various artists,
Spain in My Heart:
Songs of the Spanish Civil War

(Appleseed, 2003)

Born out of a desire to commemorate the sacrifices of those who fought and died in the Spanish Civil War, especially those of the Abraham Lincoln Brigade, Spain in My Heart: Songs of the Spanish Civil War is an opportunity for contemporary artists of conscience (and the ageless Pete Seeger) to share the musical side of those who struggled against Franco and his Nazi supporters. Though most of the lyrical content is in Spanish, there is in the music a passion that transcends language.

It seems both apt and inevitable that Seeger and Arlo Guthrie should open this disc, and so it is that they favor us with a rendition of "Jarama Valley," lyrics built onto the traditional melody of "Red River Valley" made so famous by Woody. This song is interspersed with Seeger's reminisces of living in that time and serving as a voice in the wilderness as the fascists came to power in the wake of the Great Depression, and is the perfect framing mechanism for the program which is to follow.

The biggest revelation to me with this album was a range of musicians whose work was previously unfamiliar to me. Michele Greene's strong vocals infused "En La Plaza de Mi Pueblo" with flamenco fore in the passionate style of folklorico, and her quiet reading of the lullaby "Tu Que Brillas" was strengthened by the counterpoint of a well-played harmonica. Katia and Salvador Cardenal, the twin voices of Guardabarranco, poured tender yearning into the ballad "Asturias" and lent quiet power to the lament of Garcia Lorca, "Noche Nochera," supported by powerful guitar figurings. Lila Downs' rendition of "El Quinto Regimiento" is in the sentimiento style.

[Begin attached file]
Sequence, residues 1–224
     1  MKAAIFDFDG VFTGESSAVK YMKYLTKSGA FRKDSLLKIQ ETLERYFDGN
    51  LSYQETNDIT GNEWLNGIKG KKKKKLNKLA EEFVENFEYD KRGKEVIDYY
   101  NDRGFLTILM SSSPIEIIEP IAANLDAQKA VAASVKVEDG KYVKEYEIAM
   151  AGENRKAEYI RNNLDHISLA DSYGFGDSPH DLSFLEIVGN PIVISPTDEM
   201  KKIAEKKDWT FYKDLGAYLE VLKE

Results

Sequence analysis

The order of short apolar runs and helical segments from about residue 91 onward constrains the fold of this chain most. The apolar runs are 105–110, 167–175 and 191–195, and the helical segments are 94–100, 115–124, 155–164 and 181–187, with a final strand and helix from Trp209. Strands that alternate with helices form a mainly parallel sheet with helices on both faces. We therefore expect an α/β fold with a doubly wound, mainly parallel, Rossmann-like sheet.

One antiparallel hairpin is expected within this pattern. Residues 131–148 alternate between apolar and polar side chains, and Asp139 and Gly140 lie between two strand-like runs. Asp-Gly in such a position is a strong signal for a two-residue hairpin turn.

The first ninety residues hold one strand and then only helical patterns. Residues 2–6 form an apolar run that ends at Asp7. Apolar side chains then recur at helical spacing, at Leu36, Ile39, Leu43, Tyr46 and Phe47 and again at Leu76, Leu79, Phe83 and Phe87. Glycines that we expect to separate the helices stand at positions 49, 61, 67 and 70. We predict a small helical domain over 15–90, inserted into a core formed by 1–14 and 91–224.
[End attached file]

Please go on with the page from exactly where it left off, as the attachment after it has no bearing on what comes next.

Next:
Elsewhere, an exceptional reading of Christy Moore's the "Viva La Quinta Brigada" is offered by Aoife Clancy and Shay Black, whose bilingual version resonates with quiet, strong authority and contrasts with a different, more spirited version of the same sentiments and subject matter offered by the East L.A. ensemble Quetzal in the song "Viva La Quince Brigada." They also sing the sambaesque "Si Me Quieres Escribir." Clancy (known to many as from the ensemble Cherish the Ladies) also offers the "Bantry Girls' Lament," sung to remember the Irish lads who plunged into the fray, even though it had been a standard for over a century.

The masterful John McCutcheon is the perfect voice to fit to "The Abraham Lincoln Brigade" -- his lean and spare version strips the sacrifice to its essentials and stands as a stark and simple homage. Spain is ably represented by singer-songwriters Eliseo Perra and Uxia. Perra's "Luego Con Tres Heridas" features an exchange between guitars and Perra's own overdubbed strong baritone and tenor vocal lines. The result captures the heart of the original poem written by Miguel Hernandez before he died too young at 31 from tuberculosis contracted while a prisoner of Franco. Uxia offers "Garcia y Galan," the sad tale of the rebellion of 1930 in Jaca that ultimately led to the execution of both Garcia and Galan, among the first martyrs to the Republican cause. This Galician also sings the oft-heard "Los Marineros," a version in which the vocals trade off with accordion and flute.

Joel and Jamaica Raphael present an almost jaunty rendition of "Los Quatro Generales," telling the tale of the stuggles of the Republican partisans against Franco and his three supporting generals for the destiny of Madrid. This highlight of the disc contrasts sharptly in mood with the darker "Peat Bog Soldiers," offered by Laurie Lewis, who closes the album with the anthemic "Taste of Ashes." This latter tune is from the play Spain '36, crafted by Bruce Barthol and the San Francisco Mime Troupe on the occasion of the 50th anniversary of the Spanish Civil War. The song itself features lyrics inspired by "La Pasionaria" by Dolores Ibarruri, a major voice of the original conflict.

In closing, there is music of exceptional power and grace in Spain in My Heart. It is engineered with great care, presented with both passion and compassion, and complemented by an insert that places the music firmly in its larger political context. In short, it is a disc well worth having for all who appreciate the politics of struggle against tyranny and the role that music plays in that struggle.

- Rambles
written by Gilbert Head
published 27 March 2004

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